Lewis Jones (1897-1939) was a Welsh mining trades unionist, a Communist Party councillor in Glamorgan, an activist on behalf of the unemployed and the author of two novels,


(1937) and

We Live

(1939), in addition to a small number of short stories.

Born in Clydach Vale to working-class Welsh parents, Jones became a miner in his early teens and endured the rapid cycles of boom and bust in the early twentieth-century colliery industry. He was educated at the Central Labour College between 1923-25 and there joined the newly-formed Communist Party of Great Britain. He was imprisoned for three months in 1926 for sedition following his activism during the General Strike. Following his release, he became a check-weigher, an elected post designed to ensure that miners were being paid for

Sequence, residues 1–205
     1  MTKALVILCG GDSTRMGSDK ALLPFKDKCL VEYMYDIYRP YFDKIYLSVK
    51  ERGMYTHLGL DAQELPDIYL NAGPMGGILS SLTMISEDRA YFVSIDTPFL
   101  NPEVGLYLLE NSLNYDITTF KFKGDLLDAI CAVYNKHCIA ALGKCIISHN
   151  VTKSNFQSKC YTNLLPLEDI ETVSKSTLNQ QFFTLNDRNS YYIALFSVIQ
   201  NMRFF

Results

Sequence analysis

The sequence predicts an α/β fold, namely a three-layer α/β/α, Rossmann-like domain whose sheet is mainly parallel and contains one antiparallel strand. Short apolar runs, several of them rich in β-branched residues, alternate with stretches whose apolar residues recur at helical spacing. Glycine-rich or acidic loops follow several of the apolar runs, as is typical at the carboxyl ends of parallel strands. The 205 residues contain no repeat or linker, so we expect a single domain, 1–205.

1911 words

Citation: Byrne, Aidan. "Lewis Jones". The Literary Encyclopedia. First published 13 August 2018 [https://www.litencyc.com/php/speople.php?rec=true&UID=13376, accessed 29 February 2024.]

13376 Lewis Jones 1 Historical context notes are intended to give basic and preliminary information on a topic. In some cases they will be expanded into longer entries as the Literary Encyclopedia evolves.

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